In welfare reform, symbolism is often more important than economic changes. The "family cap" was a minor economic change, but an important symbolic one. Wayne Bryant knew this. He scheduled hearings in inner city communities knowing that community groups and liberal activists would rise up in opposition and spread the word thorughout the neighborhoods. This community reaction was an important part of his strategy.

Welfare researchers have focused too much on small variations in economic incentives - which can be varied in rigorous experiments - and too little on trends in public opinion and cultural expectations which cannot be manipulated in the same way. The New Jersey reform worked because it was designed by a politician with a good sense of timing who was in close touch with the community. Even so, its most striking outcome - the decline in new applications for welfare - was not what he had expected.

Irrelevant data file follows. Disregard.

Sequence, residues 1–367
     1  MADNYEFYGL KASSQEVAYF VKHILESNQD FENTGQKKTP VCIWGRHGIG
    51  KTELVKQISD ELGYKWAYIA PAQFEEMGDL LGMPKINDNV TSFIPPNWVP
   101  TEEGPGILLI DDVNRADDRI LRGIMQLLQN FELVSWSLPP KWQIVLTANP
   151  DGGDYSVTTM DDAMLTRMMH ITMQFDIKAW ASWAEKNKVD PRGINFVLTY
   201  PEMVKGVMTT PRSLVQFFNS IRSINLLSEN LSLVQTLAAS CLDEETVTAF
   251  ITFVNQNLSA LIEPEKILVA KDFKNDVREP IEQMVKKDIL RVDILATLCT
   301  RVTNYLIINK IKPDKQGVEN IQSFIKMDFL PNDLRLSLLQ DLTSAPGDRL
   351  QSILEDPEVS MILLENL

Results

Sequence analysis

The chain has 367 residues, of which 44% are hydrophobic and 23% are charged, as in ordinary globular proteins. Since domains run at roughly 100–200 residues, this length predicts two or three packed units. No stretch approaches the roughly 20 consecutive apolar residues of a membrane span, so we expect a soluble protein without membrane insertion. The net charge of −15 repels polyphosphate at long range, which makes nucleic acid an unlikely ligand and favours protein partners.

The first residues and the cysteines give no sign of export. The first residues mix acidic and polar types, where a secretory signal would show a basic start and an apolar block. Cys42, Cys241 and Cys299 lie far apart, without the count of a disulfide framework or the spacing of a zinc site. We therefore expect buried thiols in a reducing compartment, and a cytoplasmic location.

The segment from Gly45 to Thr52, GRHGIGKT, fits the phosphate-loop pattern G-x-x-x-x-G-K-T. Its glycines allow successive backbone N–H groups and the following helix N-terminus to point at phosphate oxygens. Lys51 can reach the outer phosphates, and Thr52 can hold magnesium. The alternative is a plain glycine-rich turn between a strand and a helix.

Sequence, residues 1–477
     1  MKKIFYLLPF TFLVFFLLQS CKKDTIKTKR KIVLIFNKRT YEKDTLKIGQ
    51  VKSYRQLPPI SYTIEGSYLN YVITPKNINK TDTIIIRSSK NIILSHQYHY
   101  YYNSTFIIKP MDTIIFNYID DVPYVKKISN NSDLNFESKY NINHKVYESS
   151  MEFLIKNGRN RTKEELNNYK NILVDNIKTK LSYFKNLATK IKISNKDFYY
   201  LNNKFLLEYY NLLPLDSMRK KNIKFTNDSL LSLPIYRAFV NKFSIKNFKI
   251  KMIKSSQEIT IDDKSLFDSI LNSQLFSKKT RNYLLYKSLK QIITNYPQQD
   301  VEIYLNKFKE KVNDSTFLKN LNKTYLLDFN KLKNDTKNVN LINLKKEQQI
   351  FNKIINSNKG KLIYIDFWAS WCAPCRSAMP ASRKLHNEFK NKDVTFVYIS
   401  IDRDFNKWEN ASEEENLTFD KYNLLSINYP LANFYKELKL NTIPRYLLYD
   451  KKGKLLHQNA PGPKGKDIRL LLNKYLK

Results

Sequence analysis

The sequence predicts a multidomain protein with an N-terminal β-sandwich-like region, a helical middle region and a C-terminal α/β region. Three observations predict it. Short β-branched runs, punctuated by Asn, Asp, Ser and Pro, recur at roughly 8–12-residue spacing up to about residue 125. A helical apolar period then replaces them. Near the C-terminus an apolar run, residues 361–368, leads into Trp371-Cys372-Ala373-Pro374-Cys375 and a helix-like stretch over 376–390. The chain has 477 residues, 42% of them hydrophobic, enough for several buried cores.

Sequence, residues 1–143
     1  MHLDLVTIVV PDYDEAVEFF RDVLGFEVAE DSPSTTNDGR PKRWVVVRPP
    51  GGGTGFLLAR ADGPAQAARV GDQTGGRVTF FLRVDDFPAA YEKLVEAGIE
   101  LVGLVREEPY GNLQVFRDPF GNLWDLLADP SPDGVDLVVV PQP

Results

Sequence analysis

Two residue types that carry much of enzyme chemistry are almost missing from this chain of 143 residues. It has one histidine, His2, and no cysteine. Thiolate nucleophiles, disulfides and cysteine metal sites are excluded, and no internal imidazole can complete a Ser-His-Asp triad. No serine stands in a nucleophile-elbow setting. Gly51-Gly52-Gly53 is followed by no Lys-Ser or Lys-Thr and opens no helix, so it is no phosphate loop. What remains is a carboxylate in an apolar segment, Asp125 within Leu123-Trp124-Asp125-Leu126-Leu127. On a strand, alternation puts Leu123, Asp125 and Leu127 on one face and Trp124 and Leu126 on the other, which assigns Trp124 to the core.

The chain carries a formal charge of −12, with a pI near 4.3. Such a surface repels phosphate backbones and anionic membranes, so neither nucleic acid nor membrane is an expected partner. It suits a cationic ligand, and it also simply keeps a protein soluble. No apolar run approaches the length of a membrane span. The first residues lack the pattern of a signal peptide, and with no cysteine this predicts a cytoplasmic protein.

The "family cap" worked because it was part of a comprehensive policy package which was in keeping with the trends of the time. It did not prove that women have babies for an extra $64 a month, but that was never its intention. It did show that welfare reform can have a constructive social impact, even if the mechanisms of that impact are not fully anticipated.